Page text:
I included this project in all of my classes for ages 5 through 7. The youngest, a group of 5 year olds kept focused for the whole hour with few interuptions. I know this means they were enjoying their project! As usual, it took some children longer to complete their dyeing than others but this comes from several observations. Some are particular. Though their skills may not necessarily match their ability, they take their time and are following directions carefully. They are not into quantity but are looking for quality in their work. Others are inspired to complete as much work as possible in the given time. They are competitive and want to show the others that they are fast and have produced more. Sometimes they are messy, but some find a way to be fast and neat at the same time. One child did this by dyeing three out of four yarns one solid color. The first one was rainbow dyed, changing colors every few inches. This takes more time. I will never know for sure if this child chose to paint one color instead of multi colors for speed but the competitive behavior and comments that were made after, leads me to believe that they were interested in being first and found a way to do that. Fascinating to me!
One little one commented that they thought it was going to be boring but that in fact it wasn't at all and that they were enjoying the process! Pretty big idea for a 5 yr old! The 5 - 7 yr olds were diligent and productive with lots of yarns painted. Of course this age group seems to always be looking to take their projects home. To their dismay, this wasn't allowed because next week we will do circle weaving and the children will use their dyed yarns in that project. Once the item leaves the classroom, it never comes back! So no matter how tempted I am to please them by letting them bring them home with a promise to return them, I know better :-)

One of our adult fiber enthusiasts was renovating her kitchen and donated her old microwave to our classroom to be used for both dyeing and wet felting. I use the microwave to re-heat my felting projects since water in Bermuda is a precious commodity. No need to pour the cold water down the drain when I can effectively re-heat it, project and all! Not too much though. Just enough to warm it up again.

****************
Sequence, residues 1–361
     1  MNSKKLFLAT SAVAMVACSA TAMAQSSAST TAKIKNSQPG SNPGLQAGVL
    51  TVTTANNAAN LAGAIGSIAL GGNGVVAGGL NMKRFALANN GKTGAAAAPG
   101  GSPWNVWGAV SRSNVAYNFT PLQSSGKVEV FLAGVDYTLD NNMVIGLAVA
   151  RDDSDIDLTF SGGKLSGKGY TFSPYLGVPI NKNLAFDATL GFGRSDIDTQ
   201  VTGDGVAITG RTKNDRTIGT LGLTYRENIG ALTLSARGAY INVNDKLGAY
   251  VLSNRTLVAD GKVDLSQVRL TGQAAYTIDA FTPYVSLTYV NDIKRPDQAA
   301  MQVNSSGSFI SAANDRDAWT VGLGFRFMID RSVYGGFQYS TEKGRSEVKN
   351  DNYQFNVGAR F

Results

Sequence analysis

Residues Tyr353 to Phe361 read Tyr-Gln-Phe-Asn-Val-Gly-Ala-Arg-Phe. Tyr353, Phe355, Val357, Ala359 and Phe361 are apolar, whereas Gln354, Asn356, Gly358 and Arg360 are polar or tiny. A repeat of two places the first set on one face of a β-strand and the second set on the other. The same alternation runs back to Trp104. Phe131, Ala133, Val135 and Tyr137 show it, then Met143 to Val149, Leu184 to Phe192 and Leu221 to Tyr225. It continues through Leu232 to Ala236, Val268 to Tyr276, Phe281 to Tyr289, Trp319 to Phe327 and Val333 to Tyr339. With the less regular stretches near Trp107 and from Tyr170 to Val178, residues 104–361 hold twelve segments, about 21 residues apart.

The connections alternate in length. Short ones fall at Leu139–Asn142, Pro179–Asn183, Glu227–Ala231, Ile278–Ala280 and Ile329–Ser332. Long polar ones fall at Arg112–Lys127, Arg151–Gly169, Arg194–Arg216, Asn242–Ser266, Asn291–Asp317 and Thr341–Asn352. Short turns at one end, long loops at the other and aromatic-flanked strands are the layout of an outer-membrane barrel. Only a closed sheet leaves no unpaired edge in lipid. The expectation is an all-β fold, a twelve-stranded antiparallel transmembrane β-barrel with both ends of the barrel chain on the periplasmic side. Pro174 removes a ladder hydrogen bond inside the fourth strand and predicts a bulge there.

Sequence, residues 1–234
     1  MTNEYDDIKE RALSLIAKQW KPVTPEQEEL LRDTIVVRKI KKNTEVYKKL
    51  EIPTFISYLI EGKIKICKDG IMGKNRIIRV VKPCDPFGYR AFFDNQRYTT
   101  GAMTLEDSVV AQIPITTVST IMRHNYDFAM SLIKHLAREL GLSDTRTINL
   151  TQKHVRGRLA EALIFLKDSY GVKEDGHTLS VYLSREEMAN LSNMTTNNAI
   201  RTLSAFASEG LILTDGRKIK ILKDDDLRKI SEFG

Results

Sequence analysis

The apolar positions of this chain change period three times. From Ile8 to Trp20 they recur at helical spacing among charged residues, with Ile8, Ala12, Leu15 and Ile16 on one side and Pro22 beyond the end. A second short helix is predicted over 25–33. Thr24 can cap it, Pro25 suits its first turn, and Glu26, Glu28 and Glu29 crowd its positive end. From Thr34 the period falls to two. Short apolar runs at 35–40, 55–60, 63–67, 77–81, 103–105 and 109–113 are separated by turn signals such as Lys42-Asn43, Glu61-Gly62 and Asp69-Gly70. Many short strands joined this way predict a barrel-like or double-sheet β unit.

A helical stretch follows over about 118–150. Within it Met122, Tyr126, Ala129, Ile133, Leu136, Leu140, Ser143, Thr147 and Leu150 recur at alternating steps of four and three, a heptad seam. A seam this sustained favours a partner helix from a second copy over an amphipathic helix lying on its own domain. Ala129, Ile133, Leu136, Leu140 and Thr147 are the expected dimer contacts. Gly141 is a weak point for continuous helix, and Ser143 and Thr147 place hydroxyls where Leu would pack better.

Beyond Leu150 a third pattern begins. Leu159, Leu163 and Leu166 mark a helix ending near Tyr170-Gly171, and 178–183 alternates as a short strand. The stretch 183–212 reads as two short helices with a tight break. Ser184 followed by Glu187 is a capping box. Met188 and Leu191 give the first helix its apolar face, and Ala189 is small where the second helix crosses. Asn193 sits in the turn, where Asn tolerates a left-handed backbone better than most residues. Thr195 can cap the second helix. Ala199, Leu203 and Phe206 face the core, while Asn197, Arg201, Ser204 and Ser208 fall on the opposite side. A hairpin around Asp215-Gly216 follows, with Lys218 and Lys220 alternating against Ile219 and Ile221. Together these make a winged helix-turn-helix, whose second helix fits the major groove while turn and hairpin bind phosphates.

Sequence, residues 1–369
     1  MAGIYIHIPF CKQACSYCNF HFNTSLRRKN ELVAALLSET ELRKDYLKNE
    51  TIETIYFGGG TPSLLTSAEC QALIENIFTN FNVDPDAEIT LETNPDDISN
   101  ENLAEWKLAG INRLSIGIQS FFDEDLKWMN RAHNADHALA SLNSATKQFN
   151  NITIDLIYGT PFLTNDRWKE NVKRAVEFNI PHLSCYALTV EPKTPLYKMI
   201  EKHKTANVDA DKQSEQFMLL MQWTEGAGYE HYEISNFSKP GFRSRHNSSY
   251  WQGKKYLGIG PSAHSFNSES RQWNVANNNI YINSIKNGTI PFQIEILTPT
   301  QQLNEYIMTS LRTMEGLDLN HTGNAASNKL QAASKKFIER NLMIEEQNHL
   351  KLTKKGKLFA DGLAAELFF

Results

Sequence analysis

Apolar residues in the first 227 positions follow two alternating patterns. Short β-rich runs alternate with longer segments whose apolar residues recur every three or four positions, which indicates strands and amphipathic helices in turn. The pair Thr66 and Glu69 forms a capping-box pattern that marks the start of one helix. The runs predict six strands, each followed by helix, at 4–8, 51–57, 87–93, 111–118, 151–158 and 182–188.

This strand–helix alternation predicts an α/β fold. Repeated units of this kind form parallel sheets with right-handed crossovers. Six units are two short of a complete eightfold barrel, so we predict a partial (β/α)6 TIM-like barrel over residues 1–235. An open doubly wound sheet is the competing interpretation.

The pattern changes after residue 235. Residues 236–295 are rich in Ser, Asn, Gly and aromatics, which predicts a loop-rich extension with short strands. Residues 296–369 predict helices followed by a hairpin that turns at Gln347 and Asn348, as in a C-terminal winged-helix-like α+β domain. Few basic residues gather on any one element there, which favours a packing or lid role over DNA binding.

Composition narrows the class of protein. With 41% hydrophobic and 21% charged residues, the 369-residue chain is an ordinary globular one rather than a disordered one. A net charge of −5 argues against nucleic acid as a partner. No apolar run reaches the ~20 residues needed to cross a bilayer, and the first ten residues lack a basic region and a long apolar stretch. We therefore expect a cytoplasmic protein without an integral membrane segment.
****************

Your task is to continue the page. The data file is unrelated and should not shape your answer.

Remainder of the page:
I was able to experiment with setting the dye in a microwave right in the classroom this time and the children were quite impressed with that idea. I used to have to hold these calsses in the HUB, our kitchen space at the school, so that I could set up a steam bath on the stove. Of course there's no concern for toxicity with these dyes but I have labeled the oven that it can no longer be used for food because I intend to use it for chemical dyes as well. I try to always be passing on tid bits of info to the children. I know that their attention spans and capacity to absorb is sometimes limited, but you never know what might stick so I explained that we could never use our classroom microwave for food again because some dyes are toxic and would make the microwave unsafe for food anymore. I told them that Kool - Aid dyes could be set in the home microwave because that is safe for us to drink, so is also safe to put in the microwave, even at home.

So, the older group will be dyeing in today's class. More to come on that one later..........

Saturday, January 23, 2010

Shibori for Me & Shibori workshop for Children 8 & up!

I have  begun playing with Shibori dyeing and I'm not quite sure how I got into it at this moment! But into it I am, and enjoying the surprises!

I am preparing for a show with Ronnie Chameau, noted Bermuda water colorist, banana doll maker and basket maker, and Ronnie Lopes, rustic furniture maker. I decided that it was time to take this opportunity to explore the many fiber arts that interest me so Hairlock Paintings will take a back seat this time around and represent only a small portion of the show.

 I have been working on some pillows using various Shibori techniques. The one I am sharing today is a "wrap & cap" technique where small dried beans are bound into the silk with thread, dyed, then wrapped with plastic wrap, bound again and      the balance of the piece is then space died. I actually painted the dyes on. Sound labor intensive? It is! Unbinding the beans took forever but I did get more proficient after the first one. Thank goodness! But, it has given me my favorite results! Doesn't that figure.... Anyway, I'm including some photos of the process and results.